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Old Enough for Botox

There are days when I just miss my youth. I used to eat half a pizza and drink a can of Coke or two. When I was body building, I would drink a gallon of milk a day and spend 2 hours at the gym. I couldn't get over 170 pounds. And se... never mind.

Then year 41 came.

I rocketed up to 230 so fast I didn't know what was happening. I was busy working 80 to 90 hour weeks. The luncheons with clients and customers. It has been a real struggle since then. I guess I'm a jealous of the old me.

Up an down the scale went from 195 to 295 like the tachometer in an Indy car.

53 years rolled over on the odometer. There I was in ICU hanging on to life. It was time to make changes, so I did. I lost 66 pounds in the next year. I was at the gym 3 times a week. I restarted Couch to 5K. I was determined.

I joined MFP. That's when the real fun started.

I made a few friends - like 1,000. It was amusing while I was out on disability recovering from congestive heart failure. I wrote blogs to help me understand my feelings of fear and loss. It was also a way to give myself a creative outlet. I watched the Bruins clinch the Stanley Cup over the Canucks.

2011 ended well except for the knee surgery.

2012 was my year to run. And run I did. My first 5K was in March. I ran the entire length. It was a lot of fun so I ran more 5Ks. By September I ran my first 10K. I became a running addict.

I also knocked off almost 40 more pounds.

There I was in One-derland! What a great feeling. My race times were becoming faster and faster. 2012 turned into 2013. It was a great year. I did my first half marathon, survived shoulder surgery, and got laid off at work.

I kept the weight off and bought new underwear.

My food choices got better and better. A year went by without drinking any sweet drinks. Cake was reserved for a couple of birthday celebrations. There was no pizza, no french fries, and no fast food. I finally got back to work. They even had a 5K loop on the corporate campus. The gym had showers. I started training for my first marathon.

Then the cancer came.

I was scared. I had ultrasounds, biopsies, and consultations with surgeons, radiation oncologist's, and urologists. It was just about ready to suck the emotional life out of me. I prayed. I got a second opinion. However, I kept running and stuck to my food regimen.

I bought new underwear.

The cancer showed up in a couple of other places, but I kept on going. My lifestyle changes were pretty well engrained. They are still working OK despite the damn medicine. My life has changed a lot. Last summer 60 years arrived one day. My wife and I made some big changes moving to Virginia from New England.

Then deja vu.

In 2019 I was out on disability. I finished the World Major Marathons just six years after I started, and I survived shoulder surgery, and got laid off at work.

And the Bruins have already won their first game of the Stanley Cup series.

Meanwhile, I am still in treatment for the chronic headaches. Friday, I had 31 Botox injections. As the doctor unleashed a torrent of bee stings on my face and head, I hoped that it would work. The last few days have been the exact opposite. Not unexpected, but hope quenching at times. We'll see. Sadly, the injections were not in any of my wrinkles.

I just hope my misfortune is good luck for my Boston Bruins.
 
Thanks for the votes and comments. I could use some new freinds, too! 

Surviving Outside Your Fitness World

This past weekend I went home to visit my kids and run the Framingham Police Chase for Cure 5K in memory of my mother. She and I had a wonderful visit beneath the newly formed maple leaves casting a lace-like shadows along the path at the park. It was a beautiful day. As most of you know, my headaches make it hard to remember. I have a few flashes from along the course.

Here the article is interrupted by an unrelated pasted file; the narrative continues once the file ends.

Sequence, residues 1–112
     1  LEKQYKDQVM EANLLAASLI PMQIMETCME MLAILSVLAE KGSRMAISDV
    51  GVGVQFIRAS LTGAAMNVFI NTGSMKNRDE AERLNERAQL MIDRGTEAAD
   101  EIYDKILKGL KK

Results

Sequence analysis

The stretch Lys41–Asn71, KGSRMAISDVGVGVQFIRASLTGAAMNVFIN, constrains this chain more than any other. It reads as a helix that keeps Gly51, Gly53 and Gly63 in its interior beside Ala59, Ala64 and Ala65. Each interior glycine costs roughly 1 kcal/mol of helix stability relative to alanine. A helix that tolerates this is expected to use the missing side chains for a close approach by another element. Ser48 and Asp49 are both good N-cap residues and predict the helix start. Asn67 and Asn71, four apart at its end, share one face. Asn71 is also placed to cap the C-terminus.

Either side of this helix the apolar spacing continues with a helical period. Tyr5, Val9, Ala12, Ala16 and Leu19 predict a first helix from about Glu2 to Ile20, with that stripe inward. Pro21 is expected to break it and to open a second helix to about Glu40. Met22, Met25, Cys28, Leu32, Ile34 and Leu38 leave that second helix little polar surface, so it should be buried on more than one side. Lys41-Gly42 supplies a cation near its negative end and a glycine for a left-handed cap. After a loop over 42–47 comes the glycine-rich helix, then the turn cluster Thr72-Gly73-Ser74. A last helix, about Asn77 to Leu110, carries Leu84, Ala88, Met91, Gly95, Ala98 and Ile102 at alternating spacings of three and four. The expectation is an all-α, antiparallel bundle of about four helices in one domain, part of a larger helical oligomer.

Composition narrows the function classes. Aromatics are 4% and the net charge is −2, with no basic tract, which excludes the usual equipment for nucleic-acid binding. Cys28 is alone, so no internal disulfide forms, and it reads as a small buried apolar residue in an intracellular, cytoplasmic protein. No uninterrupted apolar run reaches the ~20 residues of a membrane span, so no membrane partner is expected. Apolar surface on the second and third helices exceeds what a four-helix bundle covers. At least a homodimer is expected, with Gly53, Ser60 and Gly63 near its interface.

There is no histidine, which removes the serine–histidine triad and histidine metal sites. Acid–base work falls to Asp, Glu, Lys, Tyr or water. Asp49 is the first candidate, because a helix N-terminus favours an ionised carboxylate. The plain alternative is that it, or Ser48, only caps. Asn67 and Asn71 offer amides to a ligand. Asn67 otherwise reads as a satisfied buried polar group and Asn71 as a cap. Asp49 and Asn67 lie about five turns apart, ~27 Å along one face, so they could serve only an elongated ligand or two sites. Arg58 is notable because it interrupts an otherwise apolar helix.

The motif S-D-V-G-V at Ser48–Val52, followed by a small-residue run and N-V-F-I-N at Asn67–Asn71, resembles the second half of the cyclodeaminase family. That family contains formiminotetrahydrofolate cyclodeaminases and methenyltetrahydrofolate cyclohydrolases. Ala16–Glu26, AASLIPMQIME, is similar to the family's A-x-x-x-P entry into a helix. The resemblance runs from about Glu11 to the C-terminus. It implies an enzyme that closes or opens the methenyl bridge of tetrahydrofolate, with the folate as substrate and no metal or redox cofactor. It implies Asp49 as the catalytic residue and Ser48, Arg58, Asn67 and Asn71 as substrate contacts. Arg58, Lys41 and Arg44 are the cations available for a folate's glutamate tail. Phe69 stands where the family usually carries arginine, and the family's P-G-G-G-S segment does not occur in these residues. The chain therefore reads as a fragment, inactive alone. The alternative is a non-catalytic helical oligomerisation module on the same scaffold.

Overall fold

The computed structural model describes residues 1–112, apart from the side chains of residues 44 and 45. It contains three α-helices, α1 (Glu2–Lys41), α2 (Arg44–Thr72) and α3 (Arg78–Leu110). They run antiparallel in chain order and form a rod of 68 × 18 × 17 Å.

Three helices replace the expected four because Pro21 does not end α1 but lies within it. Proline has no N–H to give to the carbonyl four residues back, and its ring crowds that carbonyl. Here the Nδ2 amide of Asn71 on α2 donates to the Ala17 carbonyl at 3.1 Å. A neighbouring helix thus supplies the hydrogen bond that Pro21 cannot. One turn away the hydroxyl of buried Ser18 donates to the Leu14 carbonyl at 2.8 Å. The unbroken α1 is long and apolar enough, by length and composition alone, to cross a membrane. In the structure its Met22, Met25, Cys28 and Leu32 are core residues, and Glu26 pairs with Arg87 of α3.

That is enough.

I also recorded my worst ever 5K time since I started running in 2012. It has been tough coming back after surgery. Plus I am not very active during the day. My step count is averaging about 3000 per day! That is down from 15,000 this time last year.

And Cialis is no help at all.

Traveling is tough on the diet. Unless you walk through the Atlanta airport, it's unlikely that you'll get in 10,000 steps for the day. Eating out all the time is also a commitment killer. I was thinking about what I should have done - and the things I have done before. I am working on trying to get my meal plan to match my level of activity.

Today I have some tips on living outside your fitness world, eating out, and traveling.

-1 When Airport Security says "empty everything out of your pockets," they mean everything sir!

-2 Chapstick can get you strip searched. (See #1)

-3 Before you eat out, read the nutritional menus online. All large restaurants have them, and in some states, even small restaurants need to give you a caloric heads up. Waiting to diddle with your SmartPhone during the order process at Hooters is not always a good strategy. Distracted research projects never end well.

-4 If you are going to take your belt off for TSA, make sure your pants fit. True story. 

-5 You can carry on a water filter and an empty water bottle. Drinking 4 bottles a day (you are drinking 8 cups, right!) at $3.00-$4.00 each, it will pay for itself quickly.

-6 Appetizers may be all you need. Some restaurants have a downsized portion of a their meals for an app. That and a large glass of water and you are all set.

-7 Exercise time can be tough to make on a vacation, a business trip, or even at work with long commutes. My first choice is a gym in the building. Even the worst ones have treadmills and some weights. Second choice is a run outside (yes, I prefer to be outside, it's just about time management and a shower) Then there is always calisthenics in the room and taking the stairs if there are some. Catching connections in another terminal after a delay is also good for your cardio.

-9 The break room and conference rooms at work (conferences) can be a killer. Possibly you can avoid it by bringing your lunch to your desk in a cool pack. Waiting to go in until most of the goodies are gone helps too.

-10 Plan on controlling as much as you can. It could be business lunches, the in-laws on a holiday, or day trip. Try to be prepared with your own snacks and water. Cut calories at 2 meals so you can enjoy a larger one later. I ate light breakfasts and dinners because I had business lunches every day.